What do LSE Law graduates do?

In 2013/14, 99% of undergraduate leavers and 96% of postgraduate leavers from the Department of Law were in employment or completing further study six months after graduation.

Becoming a solicitor or barrister are common routes after a law degree, consequentially a high proportion of undergraduate leavers in further study (68%) were completing the Legal Practice Course, Bar Vocational Course or overseas equivalent after leaving LSE.

A career in the legal profession is by no means the only option open to law graduates. Legal knowledge and the ability to analyse and solve complex problems are useful in many other job sectors including:

The average starting salary of graduates from the Law department in 2013/14 was £15,800 for undergraduates and £39,000 for postgraduates.

To find out more about LSE graduate destinations by specific Law degree programmes, see graduate destinations by course.

Graduate profiles

View Department of Law graduate profiles.

Employability skills

The ideal graduate has recently been defined as someone who is adaptive, responsible and reflective, as well as possessing high level analytical and problem solving skills. The study of law is associated with a number of these key skills, which have been identified as having both intrinsic value and as being regarded by employers as vital for the workplace, including:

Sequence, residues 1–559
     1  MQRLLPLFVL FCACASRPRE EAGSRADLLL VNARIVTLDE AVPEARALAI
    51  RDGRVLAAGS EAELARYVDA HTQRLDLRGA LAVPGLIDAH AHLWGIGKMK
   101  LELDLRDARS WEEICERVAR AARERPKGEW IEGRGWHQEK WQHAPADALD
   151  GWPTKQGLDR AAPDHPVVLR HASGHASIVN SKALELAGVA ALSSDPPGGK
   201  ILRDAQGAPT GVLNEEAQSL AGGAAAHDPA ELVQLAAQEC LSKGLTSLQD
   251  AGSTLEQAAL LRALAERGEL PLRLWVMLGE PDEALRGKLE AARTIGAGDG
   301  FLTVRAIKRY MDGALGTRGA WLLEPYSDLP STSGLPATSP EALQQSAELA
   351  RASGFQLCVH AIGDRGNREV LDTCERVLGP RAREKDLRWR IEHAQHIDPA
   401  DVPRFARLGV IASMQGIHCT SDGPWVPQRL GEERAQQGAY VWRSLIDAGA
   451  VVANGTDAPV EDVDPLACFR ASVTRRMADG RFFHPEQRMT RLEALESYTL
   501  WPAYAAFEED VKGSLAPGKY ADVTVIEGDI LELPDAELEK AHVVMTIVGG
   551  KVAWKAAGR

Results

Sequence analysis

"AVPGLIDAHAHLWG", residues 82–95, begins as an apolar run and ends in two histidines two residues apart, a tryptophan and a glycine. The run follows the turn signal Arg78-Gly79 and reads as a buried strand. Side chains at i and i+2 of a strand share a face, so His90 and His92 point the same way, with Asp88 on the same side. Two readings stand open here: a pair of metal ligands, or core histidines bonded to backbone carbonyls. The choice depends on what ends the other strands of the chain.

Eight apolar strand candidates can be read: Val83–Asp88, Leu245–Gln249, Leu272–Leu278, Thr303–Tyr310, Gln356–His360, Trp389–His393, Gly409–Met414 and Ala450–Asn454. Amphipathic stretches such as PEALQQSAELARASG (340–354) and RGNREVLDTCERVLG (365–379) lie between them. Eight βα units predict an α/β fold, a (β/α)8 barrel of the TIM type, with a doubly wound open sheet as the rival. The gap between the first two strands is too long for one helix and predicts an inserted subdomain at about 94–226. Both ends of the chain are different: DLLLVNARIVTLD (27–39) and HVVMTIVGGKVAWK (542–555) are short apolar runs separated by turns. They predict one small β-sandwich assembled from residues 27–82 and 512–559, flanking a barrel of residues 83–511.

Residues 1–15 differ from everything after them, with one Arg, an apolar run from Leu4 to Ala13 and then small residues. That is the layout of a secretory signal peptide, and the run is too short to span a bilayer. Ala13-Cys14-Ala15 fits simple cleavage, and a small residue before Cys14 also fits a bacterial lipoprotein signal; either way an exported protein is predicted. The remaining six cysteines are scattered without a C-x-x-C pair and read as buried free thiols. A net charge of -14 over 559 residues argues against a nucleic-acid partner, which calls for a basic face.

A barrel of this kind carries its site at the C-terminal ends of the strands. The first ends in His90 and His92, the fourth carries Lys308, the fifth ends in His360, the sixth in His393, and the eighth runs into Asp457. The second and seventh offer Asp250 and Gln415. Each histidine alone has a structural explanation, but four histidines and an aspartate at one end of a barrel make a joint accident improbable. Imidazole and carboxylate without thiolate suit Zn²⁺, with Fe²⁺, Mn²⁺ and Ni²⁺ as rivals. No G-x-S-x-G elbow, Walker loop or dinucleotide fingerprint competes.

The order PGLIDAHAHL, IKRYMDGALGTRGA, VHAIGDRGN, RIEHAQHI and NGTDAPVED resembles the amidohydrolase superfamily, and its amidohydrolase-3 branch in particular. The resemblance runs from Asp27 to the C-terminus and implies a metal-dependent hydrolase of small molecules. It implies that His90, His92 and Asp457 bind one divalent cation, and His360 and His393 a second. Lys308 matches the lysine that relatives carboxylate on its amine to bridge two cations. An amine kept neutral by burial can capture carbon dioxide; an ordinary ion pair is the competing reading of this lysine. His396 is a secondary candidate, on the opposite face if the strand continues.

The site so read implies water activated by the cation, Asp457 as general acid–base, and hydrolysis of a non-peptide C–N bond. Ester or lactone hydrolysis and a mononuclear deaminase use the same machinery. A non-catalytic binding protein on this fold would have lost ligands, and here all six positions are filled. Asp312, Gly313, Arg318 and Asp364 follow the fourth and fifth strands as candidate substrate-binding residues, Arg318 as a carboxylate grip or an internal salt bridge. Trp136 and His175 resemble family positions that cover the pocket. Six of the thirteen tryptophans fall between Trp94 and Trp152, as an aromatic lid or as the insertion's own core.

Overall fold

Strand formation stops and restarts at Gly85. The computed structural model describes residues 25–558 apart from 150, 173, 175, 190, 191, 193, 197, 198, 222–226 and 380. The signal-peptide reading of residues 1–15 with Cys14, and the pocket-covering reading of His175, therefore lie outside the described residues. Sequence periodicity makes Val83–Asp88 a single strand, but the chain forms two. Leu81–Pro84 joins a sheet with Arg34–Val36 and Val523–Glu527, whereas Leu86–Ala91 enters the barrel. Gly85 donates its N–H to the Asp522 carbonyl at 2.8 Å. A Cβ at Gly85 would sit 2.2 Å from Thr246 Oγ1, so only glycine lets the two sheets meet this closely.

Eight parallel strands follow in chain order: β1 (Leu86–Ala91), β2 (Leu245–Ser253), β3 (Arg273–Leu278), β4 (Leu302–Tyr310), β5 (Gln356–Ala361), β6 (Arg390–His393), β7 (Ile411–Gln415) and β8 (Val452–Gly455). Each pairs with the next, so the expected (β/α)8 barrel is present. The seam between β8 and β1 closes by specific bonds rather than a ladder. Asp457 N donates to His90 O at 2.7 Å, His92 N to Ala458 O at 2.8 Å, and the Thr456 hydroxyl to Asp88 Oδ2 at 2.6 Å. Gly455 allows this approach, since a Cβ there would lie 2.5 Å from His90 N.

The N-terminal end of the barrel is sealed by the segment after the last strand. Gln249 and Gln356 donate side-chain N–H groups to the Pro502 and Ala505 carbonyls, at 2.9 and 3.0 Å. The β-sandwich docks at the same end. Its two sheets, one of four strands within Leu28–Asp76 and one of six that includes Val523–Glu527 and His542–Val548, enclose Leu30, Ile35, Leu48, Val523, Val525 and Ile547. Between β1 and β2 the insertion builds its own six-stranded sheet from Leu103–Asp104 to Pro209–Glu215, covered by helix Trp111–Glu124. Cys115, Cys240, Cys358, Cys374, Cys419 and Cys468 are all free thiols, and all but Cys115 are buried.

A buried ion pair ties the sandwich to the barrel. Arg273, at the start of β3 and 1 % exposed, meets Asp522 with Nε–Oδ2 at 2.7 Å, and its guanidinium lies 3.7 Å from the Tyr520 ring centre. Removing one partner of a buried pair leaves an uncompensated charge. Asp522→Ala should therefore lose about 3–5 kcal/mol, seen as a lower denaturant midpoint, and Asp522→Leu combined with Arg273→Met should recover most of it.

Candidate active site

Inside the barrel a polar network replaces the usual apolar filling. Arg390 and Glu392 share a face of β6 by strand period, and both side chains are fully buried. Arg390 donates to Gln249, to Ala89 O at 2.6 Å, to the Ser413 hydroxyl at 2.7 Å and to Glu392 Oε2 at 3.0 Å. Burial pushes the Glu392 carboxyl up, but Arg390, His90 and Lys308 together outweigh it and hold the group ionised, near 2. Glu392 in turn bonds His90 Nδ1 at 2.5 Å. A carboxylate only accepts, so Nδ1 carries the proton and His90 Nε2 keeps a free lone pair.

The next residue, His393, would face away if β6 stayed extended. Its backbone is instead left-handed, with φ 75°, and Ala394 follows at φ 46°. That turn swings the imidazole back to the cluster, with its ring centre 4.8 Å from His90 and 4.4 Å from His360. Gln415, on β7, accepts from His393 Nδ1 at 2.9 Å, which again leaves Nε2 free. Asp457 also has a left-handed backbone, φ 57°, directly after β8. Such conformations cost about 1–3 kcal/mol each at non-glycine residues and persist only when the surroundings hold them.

• Communication (verbal and written)
  • Problem-solving and fact management
  • The ability to engage in independent research
  • The use of information technology
  • The ability to bring information together, analyse it and display critical judgment
  • Time management

Law places particular stress on the development of independent thought and analytical skills, and requires excellent communication skills, namely high levels of literacy and oral presentation. Consequently, students following law courses will be expected to undertake a great deal of independent work and independent thinking, as well as a good deal of reading and writing. They have to present the results of research both in independent work and in the context of group discussions. The need to come to terms with unfamiliar areas and materials facilitates reflective and adaptable skills, empathy and imaginative insight.

Students are also required to analyse the concepts, relations and values that underpin the law and to evaluate its wider impacts. Such analysis may involve reading not merely legal texts, but also historical, anthropological, economic, political and sociological work.

You will also be encouraged to develop your self-confidence on a more informal basis by participating in the mooting competitions.